As a GP working in an Aboriginal Service, I’ve often heard the terms “Mens Business” and “Women’s Business”. In my mind, that has loosely related to “Urological” and “Gynaecological” issues – until I actually asked about it, and discovered that it was oh so much more than that! In the process, I learned a whole lot more about the rich Aboriginal Culture, and how I can work more effectively to improve the health outcomes for the Aboriginal Men in the community where I work.
In Aboriginal and Torres Strait Islander culture, certain practices are performed by men and women separately, and this can be referred to as Men’s and Women’s Business. These practices have strict regulations, and penalties for breaking these rules can be severe.
The terms Men’s Business and Women’s Business also relate to ceremonial roles. In ceremonies concerned with acting out The Dreaming, men and women have different roles. These roles differ from language group to language group. Some ceremonies are combined, but, depending on the reason why the ceremony is being held, some are for men only, and others for women only. An example of a common modern situation is when courses and conferences are held: it is common to see Men’s and Women’s Business on the agenda. In this context the group will split by gender and discuss issues separately.
From a medical point of view, Mens Business includes health outcomes for Aboriginal Men, and all that it encompasses. This is an important area to consider. Aboriginal Men bear a far greater burden of disease than their non-Aboriginal counterparts when you think of chronic disease, mental health, sexual health, substance abuse and injuries.
Various factors contribute to the greater burden of disease, but several factors are modifiable by us as GPs. There is certainly a lot we can do to improve health outcomes for the men in our communities. Here are a few to consider:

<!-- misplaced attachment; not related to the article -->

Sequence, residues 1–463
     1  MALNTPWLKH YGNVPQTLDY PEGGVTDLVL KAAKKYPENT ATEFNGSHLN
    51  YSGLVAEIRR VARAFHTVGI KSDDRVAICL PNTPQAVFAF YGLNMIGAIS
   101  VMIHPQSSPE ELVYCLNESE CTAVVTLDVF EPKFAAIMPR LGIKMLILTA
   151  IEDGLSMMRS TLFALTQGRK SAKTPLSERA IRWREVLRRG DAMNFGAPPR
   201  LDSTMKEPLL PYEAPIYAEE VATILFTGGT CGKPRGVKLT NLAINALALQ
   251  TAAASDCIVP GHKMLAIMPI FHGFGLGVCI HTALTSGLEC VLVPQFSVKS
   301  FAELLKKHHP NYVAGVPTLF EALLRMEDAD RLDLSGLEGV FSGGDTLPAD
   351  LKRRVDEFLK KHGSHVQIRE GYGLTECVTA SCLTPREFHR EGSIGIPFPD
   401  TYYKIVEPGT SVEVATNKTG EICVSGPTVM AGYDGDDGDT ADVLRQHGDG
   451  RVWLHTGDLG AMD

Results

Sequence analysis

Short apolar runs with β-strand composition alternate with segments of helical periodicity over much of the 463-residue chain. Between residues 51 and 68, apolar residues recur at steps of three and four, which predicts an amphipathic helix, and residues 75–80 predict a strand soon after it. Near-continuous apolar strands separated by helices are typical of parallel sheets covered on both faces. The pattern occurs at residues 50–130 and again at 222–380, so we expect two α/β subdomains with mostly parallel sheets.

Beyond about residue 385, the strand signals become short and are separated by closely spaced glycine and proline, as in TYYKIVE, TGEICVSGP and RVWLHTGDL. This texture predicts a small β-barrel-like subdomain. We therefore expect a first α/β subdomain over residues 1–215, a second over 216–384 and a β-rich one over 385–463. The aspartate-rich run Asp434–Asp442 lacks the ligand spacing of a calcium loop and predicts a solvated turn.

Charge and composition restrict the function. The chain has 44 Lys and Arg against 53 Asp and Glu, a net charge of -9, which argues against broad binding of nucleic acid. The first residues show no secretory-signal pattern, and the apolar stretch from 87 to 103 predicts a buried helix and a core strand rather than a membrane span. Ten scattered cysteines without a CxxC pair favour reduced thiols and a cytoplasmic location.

- In striving to provide accessible health care to Aboriginal Men, trust is paramount, and takes time to build. GPs are well placed to build trust over time.
- The Aboriginal health model is holistic, looking beyond the physical aspects of the presenting complaint to the social, emotional and cultural well-being of the whole Community in which each individual lives. Examining ways to make your services more holistic can impact health outcomes significantly.
- Many Aboriginal men have poor access to health services, and this can be addressed by discussing better access with the community itself – they are bound to come up with practical solutions.
- Many mainstream health services are not culturally appropriate: they do not feel like welcoming places for Aboriginal Men. You may consider asking the men in the community how you could make the clinic more culturally appropriate.
- It is our duty to make our clinics more accessible to Aboriginal men. Displaying more male specific health information posters targeting Elders, Young men and Children can be considered. Something as simple as ensuring that the place is comfortable and culturally appropriate will make it more accessible, and us more approachable.
- In many clinics, there are far more women than men workers, making it less welcoming to men. This may be something that can be addressed at a management level.